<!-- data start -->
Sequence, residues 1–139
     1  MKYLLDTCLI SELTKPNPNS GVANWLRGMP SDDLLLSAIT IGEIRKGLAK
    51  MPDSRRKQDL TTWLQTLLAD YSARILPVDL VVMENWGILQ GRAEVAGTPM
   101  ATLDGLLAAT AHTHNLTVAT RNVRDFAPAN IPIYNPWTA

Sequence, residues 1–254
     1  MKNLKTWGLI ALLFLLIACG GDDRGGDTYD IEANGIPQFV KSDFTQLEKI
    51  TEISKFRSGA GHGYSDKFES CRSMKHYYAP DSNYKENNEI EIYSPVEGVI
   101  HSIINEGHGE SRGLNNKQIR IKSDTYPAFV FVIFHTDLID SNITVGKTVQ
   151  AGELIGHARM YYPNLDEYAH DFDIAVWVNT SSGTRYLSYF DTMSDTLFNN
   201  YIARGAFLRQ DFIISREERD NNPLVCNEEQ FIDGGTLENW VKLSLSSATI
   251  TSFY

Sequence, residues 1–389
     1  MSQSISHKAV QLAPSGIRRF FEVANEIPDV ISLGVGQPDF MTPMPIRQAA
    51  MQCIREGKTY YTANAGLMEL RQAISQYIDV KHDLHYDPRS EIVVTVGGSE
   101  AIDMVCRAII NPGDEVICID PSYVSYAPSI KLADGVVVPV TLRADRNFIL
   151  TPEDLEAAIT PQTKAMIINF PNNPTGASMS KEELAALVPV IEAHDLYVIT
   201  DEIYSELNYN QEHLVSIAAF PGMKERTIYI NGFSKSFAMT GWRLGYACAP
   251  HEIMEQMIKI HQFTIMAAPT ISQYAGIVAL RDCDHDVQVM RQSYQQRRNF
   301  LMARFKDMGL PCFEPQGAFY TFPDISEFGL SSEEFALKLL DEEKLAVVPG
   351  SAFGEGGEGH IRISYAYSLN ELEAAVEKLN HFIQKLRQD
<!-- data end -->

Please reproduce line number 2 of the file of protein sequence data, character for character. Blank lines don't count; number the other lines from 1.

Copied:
     1  MKYLLDTCLI SELTKPNPNS GVANWLRGMP SDDLLLSAIT IGEIRKGLAK